The husband's ownership of the fruits is not absolute, since the object of the halakhic rule whence his right to the fruits of the wife's property is derived is "for the comfort of the home" Ket. 80b), i.e., for their mutual comfort in their home and so as to ease the burden of maintaining the household (see Yad, Ishut 22:20 and Maggid Mishneh thereto). Consequently he is not entitled to use the fruits for his personal advantage, and if he should invest them in a way showing that he is not using them for the comfort of the home, the investment will be considered the wife's property as capital forming part of her nikhsei melog, of which the fruits only may be taken by him, to be used for the comfort of the home (Tur, EH 85, Perishah n. 51; Derishah n. 2). For the same reason the husband's creditors, i.e., in respect of debts unconnected with the upkeep of the household, may not seize the fruits and recover their debt from the proceeds thereof since this would preclude them from being used for their assigned purpose (Sh. Ar., ḤM 97:26; commentaries to EH 85:17). On the other hand, since the fruits belong to the husband, the wife must not do anything which may deprive him of his right of usufruct. Hence her sale of the principal without her husband's consent will be invalid with regard to the fruits, as a sale of something not belonging to her and therefore the husband's right of usufruct is unimpaired thereby and he continues to enjoy the benefits thereof even if the principal is in the hands of the purchaser: "the husband may seize the fruits from the purchasers" (Sh. Ar., EH 90:9, 13). This does not mean, however, that Jewish law denies a married woman legal capacity, like an idiot or a minor, for the sale, as mentioned above, is invalid only in respect of the fruits, as being a sale of something that is not hers (Rema EH 90:9, 13; and Ḥelkat Meḥokek 90, n. 29); with reference to the principal, therefore, her ownership is not affected by the husband's usufruct and her sale is valid, to the extent that upon her divorce or the death of her husband, the purchaser will acquire, in addition to the principal, the fruits also of the property purchased by him without any need for novation or ratification of the sale. Upon the death of his wife the husband, indeed, is entitled to seize also the principal from the purchasers, but not because the sale is regarded as invalid for reasons of legal incapacity of the wife, but because the sages regulated that when a wife predeceases her husband, he is considered – mi-ta'am eivah, i.e., in order to avoid ill feeling between them – upon entering the marriage as the earliest purchaser of her property and therefore takes preference over any other purchaser ("Takkanat Usha" – see Ket. 50a, Rashi and Codes). The rule that "whatever the wife acquires, she acquires for her husband," therefore means no more than that he acquires the fruits but the principal is and remains her own (Git. 77a and Rashi; Sh. Ar., ḤM 249:3; on the question of the husband's right to the fruits when he is a mored ("rebellious spouse") see *Husband and Wife).


The wife may only recover her dowry at the same time as she does the ketubbah, i.e., upon divorce or the death of her husband (Sh. Ar., EH 66:11; Rema EH 93:1, Isserles). The two are distinct, however, since the amount of the ketubbah is payable from the husband's own pocket whereas the dowry is her own property. Hence, even in the case where the wife forfeits her ketubbah according to law (see *Divorce), she does not lose her dowry, save in case of any express halakhic rule to the contrary (Yad, Ishut 16:1; Maggid Mishneh, ibid.; PD 12: 1121, 1197–1201).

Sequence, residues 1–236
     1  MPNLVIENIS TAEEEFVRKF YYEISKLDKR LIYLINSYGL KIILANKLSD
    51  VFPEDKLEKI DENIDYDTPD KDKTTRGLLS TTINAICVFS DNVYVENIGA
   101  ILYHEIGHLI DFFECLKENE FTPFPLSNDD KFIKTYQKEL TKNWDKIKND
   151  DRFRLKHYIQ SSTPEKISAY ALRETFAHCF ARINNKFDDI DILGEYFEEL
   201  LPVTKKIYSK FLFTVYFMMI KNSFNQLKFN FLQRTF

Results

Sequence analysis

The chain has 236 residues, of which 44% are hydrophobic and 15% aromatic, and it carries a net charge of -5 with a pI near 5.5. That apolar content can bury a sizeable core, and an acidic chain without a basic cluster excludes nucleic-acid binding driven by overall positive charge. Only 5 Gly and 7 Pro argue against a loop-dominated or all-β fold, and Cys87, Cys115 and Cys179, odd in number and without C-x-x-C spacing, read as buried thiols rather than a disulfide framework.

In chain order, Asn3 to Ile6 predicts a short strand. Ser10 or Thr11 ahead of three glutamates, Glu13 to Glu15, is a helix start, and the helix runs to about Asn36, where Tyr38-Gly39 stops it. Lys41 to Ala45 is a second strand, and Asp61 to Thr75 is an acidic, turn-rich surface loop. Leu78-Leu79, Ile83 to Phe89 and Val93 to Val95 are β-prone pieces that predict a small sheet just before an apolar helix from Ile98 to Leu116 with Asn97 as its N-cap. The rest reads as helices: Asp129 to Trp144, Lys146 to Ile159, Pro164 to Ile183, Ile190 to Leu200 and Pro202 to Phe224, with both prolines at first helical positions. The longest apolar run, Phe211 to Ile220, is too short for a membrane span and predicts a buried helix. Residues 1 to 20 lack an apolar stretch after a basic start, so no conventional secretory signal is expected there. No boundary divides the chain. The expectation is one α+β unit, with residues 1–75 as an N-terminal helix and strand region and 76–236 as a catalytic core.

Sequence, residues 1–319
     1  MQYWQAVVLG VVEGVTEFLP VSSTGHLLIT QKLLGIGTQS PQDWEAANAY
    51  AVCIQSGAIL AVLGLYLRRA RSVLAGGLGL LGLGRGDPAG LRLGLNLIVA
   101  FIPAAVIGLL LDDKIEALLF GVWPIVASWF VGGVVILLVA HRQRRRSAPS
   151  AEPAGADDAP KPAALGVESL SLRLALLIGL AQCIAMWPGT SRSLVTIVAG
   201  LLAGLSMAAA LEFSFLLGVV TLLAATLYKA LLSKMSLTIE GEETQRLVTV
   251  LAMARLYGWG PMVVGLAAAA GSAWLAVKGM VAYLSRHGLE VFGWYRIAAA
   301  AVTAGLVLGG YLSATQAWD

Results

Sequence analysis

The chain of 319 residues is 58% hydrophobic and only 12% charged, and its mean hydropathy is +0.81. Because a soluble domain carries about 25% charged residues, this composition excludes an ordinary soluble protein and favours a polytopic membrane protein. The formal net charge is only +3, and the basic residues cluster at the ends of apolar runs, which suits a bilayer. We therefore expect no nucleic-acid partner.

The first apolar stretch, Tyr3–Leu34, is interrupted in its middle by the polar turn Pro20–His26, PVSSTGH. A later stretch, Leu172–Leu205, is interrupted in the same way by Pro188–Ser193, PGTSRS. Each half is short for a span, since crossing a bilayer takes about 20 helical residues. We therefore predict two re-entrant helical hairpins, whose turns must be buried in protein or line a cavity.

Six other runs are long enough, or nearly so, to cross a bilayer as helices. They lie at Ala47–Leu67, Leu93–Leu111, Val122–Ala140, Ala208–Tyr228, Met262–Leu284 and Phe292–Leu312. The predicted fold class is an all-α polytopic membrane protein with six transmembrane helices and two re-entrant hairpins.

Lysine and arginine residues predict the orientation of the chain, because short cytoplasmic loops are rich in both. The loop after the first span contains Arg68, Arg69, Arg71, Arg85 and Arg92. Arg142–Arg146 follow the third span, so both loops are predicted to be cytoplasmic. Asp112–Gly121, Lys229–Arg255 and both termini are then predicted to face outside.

See *Parent and Child.


The Supreme Court has interpreted section 2 of the Women's Equal Rights Law, 5711/1951, as directing that Jewish law is not to be followed in matters concerning the husband's rights to the fruits of his wife's property (PD 12:1528ff.). According to this interpretation there is complete separation between the property of the respective spouses with reference to both the principal and the fruits, and the fact of their marriage in no way affects the rights of either party with regard to his or her own property or the fruits thereof.



L.M. Epstein, The Jewish Marriage Contract (1927), 89–106; Tchernowitz, in: Zeitschrift fuer vergleichende Rechtswissenschaft, 29 (1913), 445–73. LEGAL ASPECTS: H. Tchernowitz, in: Sefer Yovel… Nahum Sokolow (1904), 309–28; I.S. Zuri, Mishpat ha-Talmud, 2 (1921), 73–79; Gulak, Yesodei, 3 (1922), 44–60; Gulak, Ozar, 56–65, 109f.; ET, 4 (1952), 88–91; B. Cohen, in: PAAJR, 20 (1951), 135–234; republished in his: Jewish and Roman Law (1966), 179–278; addenda ibid., 775–7; idem, in: Annuaire de l'Institut de Philologie et d'Histoire Orientales et Slaves, 13 (1953), 57–85 (Eng.); republished in his: Jewish and Roman Law (1966), 348–76; addenda ibid., 780f.; M. Silberg, Ha-Ma'amad ha-Ishi be-Yisrael (19654), 348ff.; M. Elon, Ha-Mishpat Ha-Ivri (1988), 1:192ff., 398, 466ff., 469, 537, 542; 3:1515ff; idem., Jewish Law (1994), 1:216ff.; 2:486, 568ff., 572, 654, 660; 4:1802ff.; B. Schereshewsky, Dinei Mishpaha (1993, 4th ed.) 115–16, 146–53, 171, 224–31. ADD. BIBLIOGRAPHY: M. Elon and B. Lifshitz, Mafte'aḥ ha-She'elot ve-ha-Teshuvot shel Hakhmei Sefarad u-Ẓefon Afrikah (1986), 1:45–47; 2:275–80; B. Lifshitz and E. Shohetman, Mafte'ah ha-She'elot ve-ha-Teshuvot shel Ḥakhmei Ashkenaz, Ẓarefatve-Italyah, 32–33, 192–94.

Sources: Encyclopaedia Judaica. © 2007 The Gale Group. All Rights Reserved.